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Fran Carbonell / St. Mary's Project in Studio Art


My current paintings and drawings are self-abstractions; visions removed from a source, my mirror reflection, and separated for inspection by the viewer. Each portrait does not stand alone as a different and complete representation of myself. They function more effectively if viewed together as an amalgam of what an ideal and true self-portrait could potentially embody. Each one is simply an abstraction and no single one could hold the weight of being a true depiction of myself. They depend on each other to establish a dialogue that a viewer can dissect. Mostly I present myself in traditional head and shoulders format in life size or larger. The barrier that arises in my work between the viewer and the portrait, whether it is my actual painted hand or an element of discomfort in the gaze, interests me.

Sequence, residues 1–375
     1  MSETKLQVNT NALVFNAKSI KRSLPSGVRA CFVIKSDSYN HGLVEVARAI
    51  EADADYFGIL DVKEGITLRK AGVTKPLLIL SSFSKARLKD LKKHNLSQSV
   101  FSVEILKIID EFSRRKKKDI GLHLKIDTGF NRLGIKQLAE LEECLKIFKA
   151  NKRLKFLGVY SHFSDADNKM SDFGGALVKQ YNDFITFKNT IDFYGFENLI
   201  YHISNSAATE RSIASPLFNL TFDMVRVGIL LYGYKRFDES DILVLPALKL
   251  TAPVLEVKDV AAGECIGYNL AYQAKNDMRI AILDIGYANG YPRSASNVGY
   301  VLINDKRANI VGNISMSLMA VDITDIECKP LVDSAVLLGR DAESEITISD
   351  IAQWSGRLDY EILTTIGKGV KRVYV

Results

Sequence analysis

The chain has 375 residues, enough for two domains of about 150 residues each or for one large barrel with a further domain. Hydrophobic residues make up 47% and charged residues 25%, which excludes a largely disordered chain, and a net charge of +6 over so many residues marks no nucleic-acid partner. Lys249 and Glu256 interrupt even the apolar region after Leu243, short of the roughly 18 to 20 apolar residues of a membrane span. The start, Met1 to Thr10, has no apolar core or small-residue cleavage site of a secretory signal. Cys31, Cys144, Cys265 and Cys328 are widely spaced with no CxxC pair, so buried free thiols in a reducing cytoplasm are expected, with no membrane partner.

By using myself as a model, I feel that I have achieved an understanding of the complexity of figuration by turning it in on myself. In drawing myself repeatedly, I am seeking a more substantial understanding of what my humanness means in relation to the world, both concrete and spiritual. The works do not depict a figure in space, but rather they are depicting figure in mind. Therefore, there is no recognizable space in the works. The figures exist on a different plane as if to mirror introspection, not practical self-definition through duties or where ones place is within the actual world. The body of work represents a retreat from reality and an immersion into the mind to look for answers about self.

This past year, I have entered into a dialogue with other artists who are also engaged in self-portraiture. This dialogue, however, is not limited to artists because any viewer can partake by viewing the work and relating to the self-discovery and the different processes an artist goes through to convey meaning about him or herself. While many view the self-portrait as a window into the mythologized personalities of artists like Vincent van Gogh, as being eccentric or mad, I believe this misconception to be too narrow of an interpretation. There are as many different types of self-portraiture as there are artists making them.



Artist Statement

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